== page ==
During this week, Pope Francis will meet privately with representatives from the Metis and Inuit communities, as well as a delegation of the First Nations on Thursday. On Friday, the pontiff will deliver an address, which Indigenous leaders hope will include an official apology for the church’s role in the residential school system.
Last year, the discovery of more than 200 unmarked graves at an Indigenous residential school near Kamloops, British Columbia, unsettled Canadians and prompted the country’s reckoning with its past. Since then, similar gravesites have been found elsewhere in the country.
The state-funded system forced more than 150,000 Indigenous children to attend Christian schools from the 19th century to the 1970s. At the time, the government attempted to assimilate these children into mainstream society by Christianizing them, and isolating them from their families and culture.
The Canadian government admitted that physical and sexual abuse was commonplace in those schools – nearly three-quarters of the schools were run by Catholic missionary congregations.
Earlier this year, the government agreed to pay billions of dollars to compensate the surviving students traumatized by the institutions. The Catholic church paid more than $50 million and now plans to add $30 million more over the next five years.
Canadian Indigenous leaders had initially tried to get an apology from the pontiff’s predecessor, Pope Benedict XVI, in 2009.
While it isn’t yet known if the pope intends to apologize, he is no stranger to offering apologies for what he has termed the “crimes” of the institutional church.
In 2015, he apologized for the crimes and offenses committed by the church against Indigenous people in Bolivia. Three years later, he apologized to Irish women and others who were sexually abused over generations by the clergy.
Deals and Devils
El Salvador declared a state of emergency this week after criminal gangs began killing people on the streets Saturday, marking the bloodiest day in the country’s history since the end of the civil war three decades ago, the New York Times reported.
The new 30-day emergency powers will allow the government to suspend some civil liberties, facilitate conditions for arrest and allow the government to monitor the communications of citizens.
Saturday’s attack killed at least 62 people and comes after nearly three years of relative peace following the election of populist President Nayib Bukele.
Bukele had campaigned on promises to eradicate gang violence in El Salvador but the weekend attack threatens to tarnish his record. He condemned the recent violence and vowed to retaliate against the gangs.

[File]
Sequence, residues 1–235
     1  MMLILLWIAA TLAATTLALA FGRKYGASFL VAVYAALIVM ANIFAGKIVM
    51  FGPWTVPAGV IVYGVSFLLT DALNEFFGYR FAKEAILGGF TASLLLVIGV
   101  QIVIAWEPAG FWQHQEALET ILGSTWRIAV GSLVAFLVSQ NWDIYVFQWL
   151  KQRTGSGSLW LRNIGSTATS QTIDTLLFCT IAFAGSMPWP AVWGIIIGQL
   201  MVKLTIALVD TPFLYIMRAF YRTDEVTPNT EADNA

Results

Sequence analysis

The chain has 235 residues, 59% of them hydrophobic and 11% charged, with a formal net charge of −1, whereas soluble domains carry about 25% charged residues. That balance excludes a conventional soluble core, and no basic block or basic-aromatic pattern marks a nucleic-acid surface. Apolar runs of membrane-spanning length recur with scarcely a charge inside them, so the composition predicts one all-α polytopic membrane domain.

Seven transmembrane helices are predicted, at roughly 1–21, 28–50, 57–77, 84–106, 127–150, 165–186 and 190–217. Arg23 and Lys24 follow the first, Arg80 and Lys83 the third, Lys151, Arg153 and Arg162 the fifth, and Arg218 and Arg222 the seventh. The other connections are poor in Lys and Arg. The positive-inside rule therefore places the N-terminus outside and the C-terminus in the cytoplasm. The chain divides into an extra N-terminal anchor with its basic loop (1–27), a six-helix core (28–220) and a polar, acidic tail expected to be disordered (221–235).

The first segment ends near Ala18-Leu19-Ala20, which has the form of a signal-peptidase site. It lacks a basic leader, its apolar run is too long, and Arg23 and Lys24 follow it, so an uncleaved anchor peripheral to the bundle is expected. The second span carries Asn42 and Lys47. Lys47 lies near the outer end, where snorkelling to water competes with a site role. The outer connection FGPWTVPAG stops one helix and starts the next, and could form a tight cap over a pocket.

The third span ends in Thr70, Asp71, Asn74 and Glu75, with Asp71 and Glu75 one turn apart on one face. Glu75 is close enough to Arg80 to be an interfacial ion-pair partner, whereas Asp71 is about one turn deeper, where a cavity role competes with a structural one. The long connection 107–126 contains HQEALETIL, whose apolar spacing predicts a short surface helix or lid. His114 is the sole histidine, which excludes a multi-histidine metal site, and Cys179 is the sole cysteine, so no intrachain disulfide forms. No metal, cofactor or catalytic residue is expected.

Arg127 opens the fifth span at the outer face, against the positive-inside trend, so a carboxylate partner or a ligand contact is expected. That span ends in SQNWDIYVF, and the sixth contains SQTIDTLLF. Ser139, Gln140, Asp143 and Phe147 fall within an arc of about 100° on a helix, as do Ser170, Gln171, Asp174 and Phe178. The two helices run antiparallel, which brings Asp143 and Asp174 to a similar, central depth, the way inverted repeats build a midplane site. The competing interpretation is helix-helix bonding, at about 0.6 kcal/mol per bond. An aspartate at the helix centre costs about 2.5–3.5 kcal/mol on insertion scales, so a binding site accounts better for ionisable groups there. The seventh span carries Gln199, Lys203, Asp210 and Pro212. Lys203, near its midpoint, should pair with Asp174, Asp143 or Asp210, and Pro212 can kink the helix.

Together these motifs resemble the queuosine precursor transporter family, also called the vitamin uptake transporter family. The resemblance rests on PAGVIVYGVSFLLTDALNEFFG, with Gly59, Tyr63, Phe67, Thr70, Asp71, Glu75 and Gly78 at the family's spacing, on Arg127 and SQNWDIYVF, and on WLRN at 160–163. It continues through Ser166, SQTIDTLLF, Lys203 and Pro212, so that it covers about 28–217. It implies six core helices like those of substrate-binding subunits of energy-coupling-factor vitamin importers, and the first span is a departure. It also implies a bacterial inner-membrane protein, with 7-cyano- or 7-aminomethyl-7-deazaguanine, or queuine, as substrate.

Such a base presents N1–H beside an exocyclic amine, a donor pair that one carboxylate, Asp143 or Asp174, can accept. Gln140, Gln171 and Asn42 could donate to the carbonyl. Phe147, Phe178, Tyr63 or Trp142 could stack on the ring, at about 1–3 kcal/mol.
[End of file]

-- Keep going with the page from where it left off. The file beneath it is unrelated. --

Even so, analysts described the attack as random and not the result of conflicts between the criminal groups in the Central American country. They suggested that the killings were a message by gangs to renegotiate a clandestine deal with the government.
The young president has been accused of creating a secret agreement with the country’s criminal organizations to provide financial incentives to gang members and preferential treatment to their imprisoned leaders.
The US government has sanctioned a number of El Salvadoran officials for their alleged roles in negotiating “a secret truce with gang leadership.”
Bukele, however, denies the accusations but Saturday’s massacre underscores that the pact might be falling apart.
CENTRAL AFRICAN REPUBLIC
Peace negotiations in the Central African Republic ended this week without any concrete progress amid an ongoing civil war that has been raging since 2013, Agence France-Presse reported.
The talks are part of President Faustin-Archange Touadéra’s pledge to push for national reconciliation following his controversial re-election in 2020.
Earlier this month, Touadéra announced that he would hold discussions with opposition and civil society groups on March 21. But on that day, no rebel groups were invited and the opposition boycotted the meetings.
Observers noted that the agenda of the talks was vague: The negotiations were marked by tense moments, including a proposed constitutional change – later withdrawn – that would allow the head of state to run for a third term. Currently, the post allows for two.